Etymology. Although not specified by Garman (1913), it is assumed that Haploblepharus   is derived from the Greek words haplos, meaning single or simple, and blepharon, meaning eyelid, and refers to the simple structure of the lower eyelid that can close against the upper eyelid to protect the eye.

Distribution. Haploblepharus   species are rare to abundant, and are present in southern Namibia and South Africa. They also demonstrate habitat preferences, and H. edwardsii   apparently exploits different niches either side of Cape Agulhas, by occurring at different depths, possibly to avoid competition with other Haploblepharus   in the Eastern Cape.

Haploblepharus edwardsii   is abundant close inshore in the Western Cape, certainly west of Cape Agulhas, whereas it appears to prefer deeper water east of Cape Agulhas (see species account below). Smith (1950) commented that he had not known H. edwardsii   to be caught from the shore (in reference to the Eastern Cape), whereas they are easily observed when diving from the shore in the Western Cape (pers. obs.). The deeper habit of H. edwardsii   in the Eastern Cape has also been noted by Bass et al. (1975), and Compagno (1984 b, 1988). This may serve to avoid competition with H. fuscus   and H. pictus   in that area ( Compagno 1984 b, 1988; current study), however, H. edwardsii   is not unknown to occur in inshore waters of the Eastern Cape (Buxton et al., 1984; Wallace et al., 1984; current study). The deepest record for H. edwardsii   verified here is 111 m, and Bass et al. (1975) record this species from 130 m. Haploblepharus edwardsii   is apparently segregated by depth from H. fuscus   and H. pictus   in Eastern Cape waters, with H. fuscus   and H. pictus   occurring at shallower depths than H. edwardsii   , which may serve to reduce the amount of competition between the species there ( Compagno, 1984 b, 1988; current study).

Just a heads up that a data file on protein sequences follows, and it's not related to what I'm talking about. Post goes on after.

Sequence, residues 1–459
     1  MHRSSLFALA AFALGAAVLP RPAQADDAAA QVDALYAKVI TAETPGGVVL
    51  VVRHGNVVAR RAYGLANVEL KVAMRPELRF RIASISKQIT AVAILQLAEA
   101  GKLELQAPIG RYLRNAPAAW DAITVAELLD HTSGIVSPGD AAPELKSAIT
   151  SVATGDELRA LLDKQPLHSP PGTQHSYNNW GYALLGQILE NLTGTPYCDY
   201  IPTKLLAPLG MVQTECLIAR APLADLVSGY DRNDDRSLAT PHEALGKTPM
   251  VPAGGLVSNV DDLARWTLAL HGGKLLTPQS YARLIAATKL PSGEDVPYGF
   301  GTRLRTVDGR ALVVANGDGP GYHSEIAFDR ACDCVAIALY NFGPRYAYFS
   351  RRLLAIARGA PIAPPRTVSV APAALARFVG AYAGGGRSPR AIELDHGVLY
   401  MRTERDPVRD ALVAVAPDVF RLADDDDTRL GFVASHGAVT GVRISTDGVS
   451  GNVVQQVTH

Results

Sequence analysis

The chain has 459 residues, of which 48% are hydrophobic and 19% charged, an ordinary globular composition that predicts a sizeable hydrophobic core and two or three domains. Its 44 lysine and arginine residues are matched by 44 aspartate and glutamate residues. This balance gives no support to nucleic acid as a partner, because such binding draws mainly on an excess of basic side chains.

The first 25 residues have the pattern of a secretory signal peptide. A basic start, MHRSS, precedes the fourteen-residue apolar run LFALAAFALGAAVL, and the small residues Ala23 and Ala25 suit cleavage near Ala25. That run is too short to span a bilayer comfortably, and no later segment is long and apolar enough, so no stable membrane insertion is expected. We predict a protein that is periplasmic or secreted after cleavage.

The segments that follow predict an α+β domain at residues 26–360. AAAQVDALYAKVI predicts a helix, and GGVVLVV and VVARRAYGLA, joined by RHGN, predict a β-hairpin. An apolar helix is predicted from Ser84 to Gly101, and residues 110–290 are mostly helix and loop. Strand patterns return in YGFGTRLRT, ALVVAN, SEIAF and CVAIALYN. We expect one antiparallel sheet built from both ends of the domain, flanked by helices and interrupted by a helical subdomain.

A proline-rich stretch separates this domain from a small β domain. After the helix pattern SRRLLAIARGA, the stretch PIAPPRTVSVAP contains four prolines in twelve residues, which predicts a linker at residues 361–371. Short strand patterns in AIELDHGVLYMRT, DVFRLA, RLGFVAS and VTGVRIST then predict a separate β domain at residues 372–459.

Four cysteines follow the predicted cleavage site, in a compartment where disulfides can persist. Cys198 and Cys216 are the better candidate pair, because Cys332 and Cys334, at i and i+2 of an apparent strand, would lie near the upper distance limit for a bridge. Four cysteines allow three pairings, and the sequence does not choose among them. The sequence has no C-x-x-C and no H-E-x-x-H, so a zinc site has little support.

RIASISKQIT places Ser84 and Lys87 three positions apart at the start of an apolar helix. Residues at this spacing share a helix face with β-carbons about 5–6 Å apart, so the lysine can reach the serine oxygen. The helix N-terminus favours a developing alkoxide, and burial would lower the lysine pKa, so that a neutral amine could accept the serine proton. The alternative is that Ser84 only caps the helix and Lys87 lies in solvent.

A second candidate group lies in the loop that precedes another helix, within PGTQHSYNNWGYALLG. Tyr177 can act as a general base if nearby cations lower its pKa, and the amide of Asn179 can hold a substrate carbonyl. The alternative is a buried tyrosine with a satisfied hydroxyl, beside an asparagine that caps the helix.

An interesting phenomenon that was brought out in the current study was the difficulty encountered in collecting juvenile and adolescent H. edwardsii   females from False Bay and Table Bay (also noted by Dainty, 2002; A. Bertolini, pers. comm.). Dainty (2002) had noted the difficulty in obtaining any female specimens. Sex ratios, particularly of juveniles and adolescents, are highly biased towards males, therefore it appears that mature females come to False Bay and Table Bay from elsewhere, this requires further investigation.

The juveniles of H. fuscus   are scarce ( Bass et al., 1975; M. J. Smale, pers. comm.; current study), and there appears to be an unknown habitat that is used by H. fuscus   for egg laying and where juveniles spend that stage of their life history.

If the specimens tentatively assigned here as juvenile H. kistnasamyi   prove to be accurate (see species account below), then there is also ontogenetic segregation of that species with juveniles occurring in the southern part of their range, and adults occurring in the northern part of their range.












Haploblepharus Garman 1913

Human, Brett A. 2007


Garman 1913: 101